Ready to Mingle: are we suffering from TV dating show fatigue?

아르 자형ight, that’s it, it’s finally happened. The doctor just called and confirmed. I have Reality TV Dating Show Fatigue, a rare disorder that primarily affects TV reviewers and people whose girlfriends watched not one but both seasons of Too Hot to Handle. “A single episode of Celebs Go Dating on E4 has enough scenes of men in skinny jeans guessing the age of girls they are on dates with to kill you,” the doctor warned me. It is incredibly medically inadvisable that I do this – I have an EMT on hand and they’ve already dialled two nines – but: I am going to watch the first episode of the Katherine Ryan-fronted Ready to Mingle (Monday, 9오후, ITV2).

I was smart in primary school, and though that tailed off a lot during secondary I did manage to get OK A-levels, and I have a degree and I read a fair amount of books, so intellectually I think I am in decent enough shape. I am never going to be a change-the-world genius, but I think I’m bright enough to get through a dinner party without embarrassing myself. 그 말, I thought all this right up until I tried to understand the rules of Ready to Mingle, which … hold on, go through them one more time …

So there is a central woman, our mingler: the bright and beautiful Sophia, a design student from Brighton, who is single in that very damaged reality TV show fashion and has decided that the only way to now find love is to go through an elaborate, villa-based deduction game, a sort of horny Cluedo. And there are 12 boys, whom we spend more than half of the opening episode meeting. How many personal trainers will I watch throw their shirt off in front of a neon backdrop before I die? How many straightforward labourers with perfect teeth will I see rub their hands in slow motion before I succumb to the abyss?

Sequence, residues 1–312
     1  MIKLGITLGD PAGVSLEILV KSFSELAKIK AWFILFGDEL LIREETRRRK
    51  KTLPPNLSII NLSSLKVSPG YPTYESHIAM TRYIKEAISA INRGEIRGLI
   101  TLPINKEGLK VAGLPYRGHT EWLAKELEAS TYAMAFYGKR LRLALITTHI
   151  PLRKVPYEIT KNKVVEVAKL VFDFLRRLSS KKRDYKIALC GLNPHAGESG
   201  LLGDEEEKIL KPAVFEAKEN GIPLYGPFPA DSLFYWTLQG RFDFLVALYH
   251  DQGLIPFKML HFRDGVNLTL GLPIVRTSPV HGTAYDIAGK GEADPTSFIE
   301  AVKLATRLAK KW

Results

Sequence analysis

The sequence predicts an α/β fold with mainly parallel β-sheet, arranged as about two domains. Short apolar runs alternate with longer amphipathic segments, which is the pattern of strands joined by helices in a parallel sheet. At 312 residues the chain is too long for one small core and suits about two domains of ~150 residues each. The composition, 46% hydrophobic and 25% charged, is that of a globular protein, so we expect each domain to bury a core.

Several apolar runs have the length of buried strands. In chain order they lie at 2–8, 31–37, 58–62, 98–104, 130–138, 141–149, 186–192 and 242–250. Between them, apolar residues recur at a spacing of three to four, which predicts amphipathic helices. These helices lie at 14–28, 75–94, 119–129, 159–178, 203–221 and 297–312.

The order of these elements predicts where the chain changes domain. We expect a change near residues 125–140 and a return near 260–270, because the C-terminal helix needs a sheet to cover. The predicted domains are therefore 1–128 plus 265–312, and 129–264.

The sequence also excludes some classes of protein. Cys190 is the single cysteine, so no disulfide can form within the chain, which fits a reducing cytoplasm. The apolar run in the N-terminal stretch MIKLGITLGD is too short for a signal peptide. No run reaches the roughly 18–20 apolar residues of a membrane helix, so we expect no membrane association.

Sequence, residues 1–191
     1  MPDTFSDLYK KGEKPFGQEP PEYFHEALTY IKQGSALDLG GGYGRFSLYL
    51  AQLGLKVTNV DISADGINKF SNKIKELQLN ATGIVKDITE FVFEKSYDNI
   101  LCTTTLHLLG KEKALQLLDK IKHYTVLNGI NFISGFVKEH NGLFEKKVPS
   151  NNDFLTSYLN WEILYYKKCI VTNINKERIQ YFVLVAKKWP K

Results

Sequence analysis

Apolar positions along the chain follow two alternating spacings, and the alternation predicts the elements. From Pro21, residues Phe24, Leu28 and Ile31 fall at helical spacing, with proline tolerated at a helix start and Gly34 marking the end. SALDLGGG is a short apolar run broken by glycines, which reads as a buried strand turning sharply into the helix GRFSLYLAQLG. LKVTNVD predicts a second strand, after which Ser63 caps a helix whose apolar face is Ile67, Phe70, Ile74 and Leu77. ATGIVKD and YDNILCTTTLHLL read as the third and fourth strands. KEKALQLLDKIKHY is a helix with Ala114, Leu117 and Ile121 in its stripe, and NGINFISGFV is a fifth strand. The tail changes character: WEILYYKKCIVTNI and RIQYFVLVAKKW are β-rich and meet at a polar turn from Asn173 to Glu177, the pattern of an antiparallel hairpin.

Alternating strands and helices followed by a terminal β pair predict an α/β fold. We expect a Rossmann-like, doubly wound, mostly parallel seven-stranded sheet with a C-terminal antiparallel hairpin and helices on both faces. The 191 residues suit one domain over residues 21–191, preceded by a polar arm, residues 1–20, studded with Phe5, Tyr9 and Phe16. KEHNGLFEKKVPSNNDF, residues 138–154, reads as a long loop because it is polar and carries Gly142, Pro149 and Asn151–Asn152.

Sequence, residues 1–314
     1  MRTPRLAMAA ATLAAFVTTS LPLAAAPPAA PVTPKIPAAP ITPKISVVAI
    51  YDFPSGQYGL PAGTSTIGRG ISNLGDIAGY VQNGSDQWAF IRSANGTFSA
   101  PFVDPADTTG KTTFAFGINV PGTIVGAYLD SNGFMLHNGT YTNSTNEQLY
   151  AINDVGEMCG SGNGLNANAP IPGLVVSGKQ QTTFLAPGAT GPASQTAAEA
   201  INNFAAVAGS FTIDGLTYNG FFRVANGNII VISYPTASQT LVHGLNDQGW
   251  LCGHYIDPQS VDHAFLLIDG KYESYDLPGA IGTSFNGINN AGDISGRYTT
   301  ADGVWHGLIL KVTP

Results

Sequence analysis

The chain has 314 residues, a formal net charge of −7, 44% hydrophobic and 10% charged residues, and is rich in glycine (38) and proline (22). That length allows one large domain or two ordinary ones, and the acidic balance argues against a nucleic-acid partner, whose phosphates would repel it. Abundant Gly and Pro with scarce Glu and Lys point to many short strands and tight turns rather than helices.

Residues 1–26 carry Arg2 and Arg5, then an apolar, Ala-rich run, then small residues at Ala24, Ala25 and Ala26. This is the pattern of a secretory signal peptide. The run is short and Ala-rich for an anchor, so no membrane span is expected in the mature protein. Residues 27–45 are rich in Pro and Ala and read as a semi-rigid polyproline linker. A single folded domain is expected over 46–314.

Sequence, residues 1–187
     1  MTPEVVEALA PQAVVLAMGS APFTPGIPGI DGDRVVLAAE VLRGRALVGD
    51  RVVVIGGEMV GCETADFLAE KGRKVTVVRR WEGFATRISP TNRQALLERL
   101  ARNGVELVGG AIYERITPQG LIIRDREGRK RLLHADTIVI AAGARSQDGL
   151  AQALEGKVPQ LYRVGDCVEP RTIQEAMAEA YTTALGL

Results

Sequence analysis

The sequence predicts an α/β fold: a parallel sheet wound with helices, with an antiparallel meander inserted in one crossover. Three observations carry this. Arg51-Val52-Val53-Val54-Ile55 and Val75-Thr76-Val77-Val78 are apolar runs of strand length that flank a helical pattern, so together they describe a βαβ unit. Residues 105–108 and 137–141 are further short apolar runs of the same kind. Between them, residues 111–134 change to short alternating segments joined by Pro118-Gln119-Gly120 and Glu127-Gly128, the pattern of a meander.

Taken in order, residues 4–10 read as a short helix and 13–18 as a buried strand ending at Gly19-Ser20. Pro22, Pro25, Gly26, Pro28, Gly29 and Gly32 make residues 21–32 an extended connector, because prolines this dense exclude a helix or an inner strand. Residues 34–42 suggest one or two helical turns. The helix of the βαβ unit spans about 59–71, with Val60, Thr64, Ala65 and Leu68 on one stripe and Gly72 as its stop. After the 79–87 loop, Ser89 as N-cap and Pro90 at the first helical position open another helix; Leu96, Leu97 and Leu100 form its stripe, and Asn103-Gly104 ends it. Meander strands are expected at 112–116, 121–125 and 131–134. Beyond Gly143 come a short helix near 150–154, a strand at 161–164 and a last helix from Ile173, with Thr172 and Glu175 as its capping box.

Over the course of three weeks she has to deduce whether they are single and, ideally, fall in love with one of them along the way. If they are single, and they win the dating show, Sophia and the boy split the money. If they are not single, the boy and his actual partner split the money instead. Mustering the strength to semi-explain this has almost certainly pushed some more vital knowledge out of my head. I’m going to wake up tomorrow and not know what geography is.

I mean, it’s fine. It’s a Reality TV Dating Show. It has all the exact aesthetic markers of Love Island (white plastic wine glasses, men with six-packs sleeping in the same room, leather jackets worn like capes, conversations primarily held next to a swimming pool), but embellished with 2021’s favourite TV dynamic: “Someone is lying and you need to figure out who” (see: The Circle, or my personal TV highlight, This Is My House).

Katherine Ryan is doggedly keeping this train on the tracks – she is both the absolutely-loving-the-carnage presenter and the sniping narrator – and answers the question that TV executives must be asking themselves: “What if the host of Love Island actually enjoyed the show?”

This is all fine. But I can’t do this any more. This show lasts three weeks and my legs are already beset with tremors. Enjoy your little Reality TV Dating Show; I’m unplugging my laptop and heading towards the sea.

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